Supreme Court Seal
South Carolina
JUDICIAL DEPARTMENT
Site Map | Feedback
2005-UP-224 - Dallas v. Todd

THIS OPINION HAS NO PRECEDENTIAL VALUE.  IT SHOULD NOT BE CITED OR RELIED ON AS PRECEDENT IN ANY PROCEEDING EXCEPT AS PROVIDED BY RULE 239(d)(2), SCACR.

THE STATE OF SOUTH CAROLINA
In The Court of Appeals


Linda Dallas and Frankie Dallas,Respondents,

v.

James Todd, II, and Tammy Todd, Defendants,

Of whom James Todd, II is the, Appellant,

In Re: James Todd, III, Christian Todd and Mason Todd, (Minors Under the Age of 18).


Appeal From Dorchester County
 William J. Wylie, Jr., Family Court Judge


Unpublished Opinion No. 2005-UP-224
Submitted March 1, 2005 – Filed March 31, 2005


AFFIRMED


Jennifer L. Queen and William R. Hearn, Jr., both of Summerville, for Appellant.

Russell S. Stemke, of Isle of Palms, for Respondents.

PER CURIAM: James Todd, II, (Father) appeals the termination of his parental rights to his three children.  We affirm.[1]

FACTS

In 1998, pursuant to an action by the South Carolina Department of Social Services, the family court granted temporary legal custody of Father’s two older children, James Todd, III, and Mason Todd, to Linda Dallas after finding a threat of physical neglect against Father and Tammy Todd, the children’s mother (Mother).  Dallas is Mother’s aunt.  After a judicial review hearing in December 1998, the family court issued an order dated May 17, 1999, granting Dallas and her husband Frankie Dallas permanent legal and physical custody of the children.  The May 17, 1999 custody order also prohibited both Mother and Father from having contact with the children except in a therapeutic setting, but allowed them to petition for visitation if they completed psychological counseling and a clarification process regarding the circumstances that led to the children’s removal from their care.  Christian Todd, a third child born to Mother and Father on January 24, 2001, has lived with the Dallases since a few weeks after he was born.

In 2002, the Dallases brought the present action seeking to adopt James, Mason, and Christian, and to terminate Father’s parental rights to all three children.  Mother, who was also a party to the proceedings, had waived her rights and consented to the adoption.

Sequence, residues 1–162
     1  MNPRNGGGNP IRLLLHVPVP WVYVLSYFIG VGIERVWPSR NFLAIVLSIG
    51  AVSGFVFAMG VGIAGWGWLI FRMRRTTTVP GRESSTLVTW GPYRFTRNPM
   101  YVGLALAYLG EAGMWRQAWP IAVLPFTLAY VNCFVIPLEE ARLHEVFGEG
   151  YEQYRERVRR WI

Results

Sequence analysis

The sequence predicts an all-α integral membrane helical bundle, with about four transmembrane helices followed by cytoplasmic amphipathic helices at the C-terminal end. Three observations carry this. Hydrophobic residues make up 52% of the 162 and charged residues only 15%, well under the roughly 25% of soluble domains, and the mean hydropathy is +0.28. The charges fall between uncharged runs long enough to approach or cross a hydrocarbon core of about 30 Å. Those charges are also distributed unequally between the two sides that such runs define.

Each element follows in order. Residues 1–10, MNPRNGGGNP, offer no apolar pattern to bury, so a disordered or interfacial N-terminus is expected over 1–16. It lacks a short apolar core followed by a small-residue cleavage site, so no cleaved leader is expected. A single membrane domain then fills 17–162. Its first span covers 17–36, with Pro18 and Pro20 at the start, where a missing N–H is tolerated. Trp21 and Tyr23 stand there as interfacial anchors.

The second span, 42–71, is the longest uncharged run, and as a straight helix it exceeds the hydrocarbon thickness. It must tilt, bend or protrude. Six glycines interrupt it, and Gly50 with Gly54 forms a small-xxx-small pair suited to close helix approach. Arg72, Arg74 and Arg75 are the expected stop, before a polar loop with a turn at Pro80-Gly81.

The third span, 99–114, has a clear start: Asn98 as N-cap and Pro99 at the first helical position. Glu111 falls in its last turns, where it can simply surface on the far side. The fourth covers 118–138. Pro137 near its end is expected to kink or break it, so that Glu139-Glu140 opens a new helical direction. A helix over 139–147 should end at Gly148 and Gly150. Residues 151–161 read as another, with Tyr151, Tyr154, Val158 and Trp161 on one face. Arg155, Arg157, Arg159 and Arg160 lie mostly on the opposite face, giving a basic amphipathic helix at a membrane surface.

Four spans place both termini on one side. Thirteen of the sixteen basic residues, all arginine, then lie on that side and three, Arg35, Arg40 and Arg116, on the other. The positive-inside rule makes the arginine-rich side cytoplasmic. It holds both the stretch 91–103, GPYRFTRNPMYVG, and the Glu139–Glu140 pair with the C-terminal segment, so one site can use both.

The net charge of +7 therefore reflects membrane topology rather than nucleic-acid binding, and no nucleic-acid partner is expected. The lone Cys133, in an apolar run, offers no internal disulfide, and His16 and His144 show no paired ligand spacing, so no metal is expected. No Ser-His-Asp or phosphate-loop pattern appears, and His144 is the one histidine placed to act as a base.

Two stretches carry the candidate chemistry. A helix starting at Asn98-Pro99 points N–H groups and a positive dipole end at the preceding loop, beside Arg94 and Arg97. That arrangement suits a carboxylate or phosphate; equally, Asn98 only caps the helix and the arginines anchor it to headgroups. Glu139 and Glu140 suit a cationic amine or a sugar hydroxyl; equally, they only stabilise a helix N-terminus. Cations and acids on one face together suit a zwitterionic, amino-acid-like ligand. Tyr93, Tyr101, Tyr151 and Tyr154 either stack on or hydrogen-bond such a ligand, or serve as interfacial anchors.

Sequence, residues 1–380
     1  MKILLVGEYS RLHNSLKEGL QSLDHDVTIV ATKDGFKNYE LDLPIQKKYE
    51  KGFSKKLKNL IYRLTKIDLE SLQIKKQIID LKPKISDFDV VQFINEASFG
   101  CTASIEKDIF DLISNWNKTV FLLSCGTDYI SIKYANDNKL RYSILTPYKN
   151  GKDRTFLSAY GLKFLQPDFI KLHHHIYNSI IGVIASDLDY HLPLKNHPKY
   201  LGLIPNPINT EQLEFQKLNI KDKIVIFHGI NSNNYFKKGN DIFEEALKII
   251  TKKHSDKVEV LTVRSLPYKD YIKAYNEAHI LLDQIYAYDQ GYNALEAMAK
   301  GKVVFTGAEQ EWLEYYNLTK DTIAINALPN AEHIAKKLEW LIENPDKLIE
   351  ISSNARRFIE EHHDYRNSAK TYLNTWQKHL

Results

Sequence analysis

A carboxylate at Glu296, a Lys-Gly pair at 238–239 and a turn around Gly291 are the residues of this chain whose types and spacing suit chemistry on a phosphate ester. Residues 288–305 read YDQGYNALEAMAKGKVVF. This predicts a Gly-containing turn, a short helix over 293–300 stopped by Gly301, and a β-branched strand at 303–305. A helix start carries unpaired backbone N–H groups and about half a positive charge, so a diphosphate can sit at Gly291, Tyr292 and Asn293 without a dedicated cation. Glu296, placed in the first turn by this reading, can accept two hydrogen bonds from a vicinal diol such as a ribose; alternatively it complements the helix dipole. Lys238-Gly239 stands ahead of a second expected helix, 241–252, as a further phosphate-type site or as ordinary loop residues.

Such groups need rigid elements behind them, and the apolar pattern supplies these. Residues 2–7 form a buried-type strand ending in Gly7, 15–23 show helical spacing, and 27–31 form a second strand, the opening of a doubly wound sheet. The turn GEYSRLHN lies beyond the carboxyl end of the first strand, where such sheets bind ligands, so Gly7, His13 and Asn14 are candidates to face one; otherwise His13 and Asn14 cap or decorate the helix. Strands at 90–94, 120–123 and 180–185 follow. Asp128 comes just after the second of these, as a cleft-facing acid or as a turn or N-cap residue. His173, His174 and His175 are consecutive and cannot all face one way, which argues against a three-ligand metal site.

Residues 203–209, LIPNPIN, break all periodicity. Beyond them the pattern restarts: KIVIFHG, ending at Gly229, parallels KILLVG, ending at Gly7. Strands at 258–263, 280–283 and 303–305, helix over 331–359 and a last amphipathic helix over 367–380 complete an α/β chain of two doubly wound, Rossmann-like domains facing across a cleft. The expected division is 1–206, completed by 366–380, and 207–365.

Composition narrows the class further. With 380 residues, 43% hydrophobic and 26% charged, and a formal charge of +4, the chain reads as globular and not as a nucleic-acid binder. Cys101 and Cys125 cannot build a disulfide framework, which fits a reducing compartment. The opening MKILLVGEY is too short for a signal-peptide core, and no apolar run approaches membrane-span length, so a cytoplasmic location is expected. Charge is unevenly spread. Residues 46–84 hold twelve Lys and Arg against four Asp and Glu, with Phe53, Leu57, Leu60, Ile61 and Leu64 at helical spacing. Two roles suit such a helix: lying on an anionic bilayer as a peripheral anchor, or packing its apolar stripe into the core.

Following a hearing on September 16 and 17, 2003, the family court issued an order on January 13, 2004, terminating the parental rights of Father and Mother to the children and allowing their adoption by the Dallases.  Father appeals.

LAW/ANALYSIS

1.  We disagree with Father’s argument that the family court erred in terminating his parental rights for willful failure to visit. 

The family court may order a termination of parental rights upon finding that  (1) a child has lived outside the home of either parent for six months and during that time the parent has willfully failed to visit the child, and (2) termination is in the child’s best interest.[2]

The family court found Father had no contact with any of the children since December 1998.  Father does not dispute this finding on appeal.  In his brief, however, he argues he left South Carolina for a significant period of time to seek employment, had made several unsuccessful attempts to contact the children by calling the Dallases’ residence to schedule visits with them during their therapy appointments, and was not aware that under the custody order he could petition for visitation with the children after completing certain steps in a treatment program. 

The arguments that Father advances on appeal do not undermine the family court’s finding that Father willfully failed to visit the children.  Father does not contest the finding in the appealed order that he was “constantly moving his residence from one state to another without providing the [Dallases] or his children with his current whereabouts or with any other information that would provide a means for them to contact him if they desired to, thereby purposely eliminating himself from the lives of his children and all manner of contact with them.”  As to Father’s attempt to schedule visits with the children through the Dallases, Linda Dallas denied that Father called her to inquire about the children’s therapy appointments.  The family court found her testimony to be much more credible than that offered by Father.[3]  Finally, we are not persuaded by Father’s assertions that he was unaware of the provisions in the custody order under which he could petition for visitation.  It is apparent from that order that he was present and represented by counsel at the hearing and there appears to be no dispute that he was aware of another provision in the same order restricting his contact with the children.